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. ll. 4.
• 17. 3.
Let the angles of a pentagon, inscribed in the circle, by the last proposition, be in the points A, B, C, D, E, so that the circumferences AB, BC, CD, DE, EA are
equal ; and through the points A, B, C, D, E, draw GH, HK, KL, LM, MG, touching * the circle; the figure GHKLM shall be the pentagon required.
Take the centre F, and join FB, FK, FC, FL, FD: and because the straight line KL touches the circle ABCDE in the point C, to which FG is drawn from the centre F, FC is perpendicular * to KL,
G therefore each of the angles at C is a right А. angle ; for the same reason, the angles at
M the points B, D are right angles; and be
Bi cause FCK is a right angle, the of
square FK is equal * to the squares of FC, CK ; к с. for the same reason, the square of FK, is equal to the squares of FB, BK; therefore the squares of FC, CK are equal t to the squares of FB, BK; of which the square of FC is equal to the square of FB; therefore the remaining square of CK is equal † to the remaining square of BK, and the straight line CK equal to BK: and because FB is equal to FC, and FK common to the triangles BFK, CFK, the two BF, FK are equal to the two CF, FK, each to each ; and the base BK was proved equal to the base KC; therefore the angle BFK is equal * to the angle KFC, and the angle BKF † to FKC: wherefore the angle BFC is double of the angle KFC, and BKC double of FKC: for the same reason, the angle CFD is double of the angle CFL, and CLD double of CLF: and because the circumference BC is equal to the circumference CD, the angle BFC is equal * to the angle CFD ; and BFC is double of the angle KFC, and CFD double of CFL; therefore the angle KFC is equal t to the angle CFL: and the right angle FCK is equal to the right angle FCL; therefore in the two triangles FRC, FLC, there are two angles of the one, equal to two angles of the other, each to each ; and the side FC, which is adjacent to the equal angles in each, is common to both ; therefore the other sides are equal * to the other sides, and the third angle to the third angle; therefore the straight line KC is equal to CL, and the angle FKC to the angle FLC: and because KC is equal to CL, KL is double of KC. In the same manner it may be shewn, that HK is double of BK: and because BK is equal to KC, as was demonstrated, and that KL is double of KC, and HK double of BK, therefore HK is equal + to KL: in like +6 Ax. manner it may be shewn, that GH, GM, ML are each of them equal to HK, or KL; therefore the pentagon GHKLM is equilateral. It is also equiangular ; for, since the angle FKC is equal to the angle FLC, and that the angle HKL is double of the angle FKC, and KLM double of FLC, as was before demonstrated, therefore the angle HKL is equal + to 7 6 Ax. KLM: and in like manner it may be shewn, that each of the angles KHG, HGM, GML is equal to the angle HKL or KLM; therefore the five angles GHK, HKL, KLM, LMG, MGH, being equal to one another, the pentagon GHKLM is equiangular : and it is equilateral, as was demonstrated ; and it is described about the circle ABCDE. Which was to be done.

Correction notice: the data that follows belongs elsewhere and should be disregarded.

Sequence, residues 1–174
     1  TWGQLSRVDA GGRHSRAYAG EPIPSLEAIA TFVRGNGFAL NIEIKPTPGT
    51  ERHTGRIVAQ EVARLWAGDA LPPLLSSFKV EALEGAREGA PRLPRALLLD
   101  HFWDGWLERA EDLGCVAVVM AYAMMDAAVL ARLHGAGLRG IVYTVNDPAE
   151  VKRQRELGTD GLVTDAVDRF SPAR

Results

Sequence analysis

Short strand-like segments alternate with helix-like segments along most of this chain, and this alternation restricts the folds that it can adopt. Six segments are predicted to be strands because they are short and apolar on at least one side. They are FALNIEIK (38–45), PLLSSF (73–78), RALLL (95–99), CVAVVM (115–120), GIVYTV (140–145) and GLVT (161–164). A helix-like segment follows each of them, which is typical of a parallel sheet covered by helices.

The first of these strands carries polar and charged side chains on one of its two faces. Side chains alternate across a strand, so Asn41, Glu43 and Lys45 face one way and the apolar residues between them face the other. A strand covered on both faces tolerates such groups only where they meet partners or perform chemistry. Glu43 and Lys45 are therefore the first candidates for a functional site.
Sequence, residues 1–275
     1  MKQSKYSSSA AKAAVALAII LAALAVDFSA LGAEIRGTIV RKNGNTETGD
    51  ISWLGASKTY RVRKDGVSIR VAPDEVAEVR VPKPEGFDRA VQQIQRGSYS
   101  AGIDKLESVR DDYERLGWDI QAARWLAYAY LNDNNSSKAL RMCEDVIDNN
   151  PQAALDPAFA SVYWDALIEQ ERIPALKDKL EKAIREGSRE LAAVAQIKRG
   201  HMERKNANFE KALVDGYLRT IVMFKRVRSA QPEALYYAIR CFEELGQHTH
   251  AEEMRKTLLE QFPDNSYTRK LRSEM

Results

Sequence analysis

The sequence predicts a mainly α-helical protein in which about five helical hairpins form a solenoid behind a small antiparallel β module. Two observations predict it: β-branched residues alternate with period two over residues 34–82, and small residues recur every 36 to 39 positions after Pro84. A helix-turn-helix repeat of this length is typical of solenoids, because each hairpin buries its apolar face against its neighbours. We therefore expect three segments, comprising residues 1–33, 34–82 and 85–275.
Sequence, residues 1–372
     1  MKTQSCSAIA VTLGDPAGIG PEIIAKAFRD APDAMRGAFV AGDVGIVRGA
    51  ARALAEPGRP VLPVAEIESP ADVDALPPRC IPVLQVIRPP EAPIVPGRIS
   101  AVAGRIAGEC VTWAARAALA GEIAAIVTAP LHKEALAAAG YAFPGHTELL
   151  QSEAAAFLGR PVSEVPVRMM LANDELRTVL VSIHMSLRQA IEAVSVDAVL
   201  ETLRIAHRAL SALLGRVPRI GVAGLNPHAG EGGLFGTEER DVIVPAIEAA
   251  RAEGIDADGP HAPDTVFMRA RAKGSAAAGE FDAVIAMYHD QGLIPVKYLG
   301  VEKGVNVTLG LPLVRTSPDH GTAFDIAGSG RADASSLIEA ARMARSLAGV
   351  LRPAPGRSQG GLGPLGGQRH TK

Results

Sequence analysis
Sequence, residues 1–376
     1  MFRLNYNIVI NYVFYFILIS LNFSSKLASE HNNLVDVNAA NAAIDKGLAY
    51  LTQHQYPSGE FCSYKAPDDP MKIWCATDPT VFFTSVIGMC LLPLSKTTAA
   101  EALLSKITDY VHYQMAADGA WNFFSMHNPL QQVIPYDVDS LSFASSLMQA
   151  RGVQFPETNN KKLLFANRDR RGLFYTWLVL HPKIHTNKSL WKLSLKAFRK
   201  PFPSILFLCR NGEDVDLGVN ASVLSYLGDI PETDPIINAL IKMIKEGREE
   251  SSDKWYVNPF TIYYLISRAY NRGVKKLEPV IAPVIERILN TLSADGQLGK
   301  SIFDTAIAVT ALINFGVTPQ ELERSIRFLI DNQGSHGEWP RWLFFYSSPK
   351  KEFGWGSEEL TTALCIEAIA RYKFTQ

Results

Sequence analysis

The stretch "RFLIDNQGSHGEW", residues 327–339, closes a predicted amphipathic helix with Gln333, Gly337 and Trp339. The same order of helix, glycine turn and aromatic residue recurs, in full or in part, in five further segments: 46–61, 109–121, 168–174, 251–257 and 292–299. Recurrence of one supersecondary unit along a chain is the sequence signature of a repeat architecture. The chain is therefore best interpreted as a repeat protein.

* 8. 1.
• 27. 3.
. 26. 1.
* 9. 1.